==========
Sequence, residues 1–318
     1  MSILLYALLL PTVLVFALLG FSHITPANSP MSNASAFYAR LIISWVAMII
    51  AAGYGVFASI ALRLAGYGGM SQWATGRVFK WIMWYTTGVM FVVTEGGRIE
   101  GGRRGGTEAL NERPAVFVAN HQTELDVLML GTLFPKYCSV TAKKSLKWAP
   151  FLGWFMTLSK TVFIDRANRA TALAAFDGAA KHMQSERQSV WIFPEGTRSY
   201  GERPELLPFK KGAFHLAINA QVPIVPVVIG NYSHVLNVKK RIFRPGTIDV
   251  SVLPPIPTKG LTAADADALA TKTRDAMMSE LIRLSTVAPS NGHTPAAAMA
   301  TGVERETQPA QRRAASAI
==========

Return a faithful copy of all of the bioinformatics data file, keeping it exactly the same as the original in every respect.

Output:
Sequence, residues 1–318
     1  MSILLYALLL PTVLVFALLG FSHITPANSP MSNASAFYAR LIISWVAMII
    51  AAGYGVFASI ALRLAGYGGM SQWATGRVFK WIMWYTTGVM FVVTEGGRIE
   101  GGRRGGTEAL NERPAVFVAN HQTELDVLML GTLFPKYCSV TAKKSLKWAP
   151  FLGWFMTLSK TVFIDRANRA TALAAFDGAA KHMQSERQSV WIFPEGTRSY
   201  GERPELLPFK KGAFHLAINA QVPIVPVVIG NYSHVLNVKK RIFRPGTIDV
   251  SVLPPIPTKG LTAADADALA TKTRDAMMSE LIRLSTVAPS NGHTPAAAMA
   301  TGVERETQPA QRRAASAI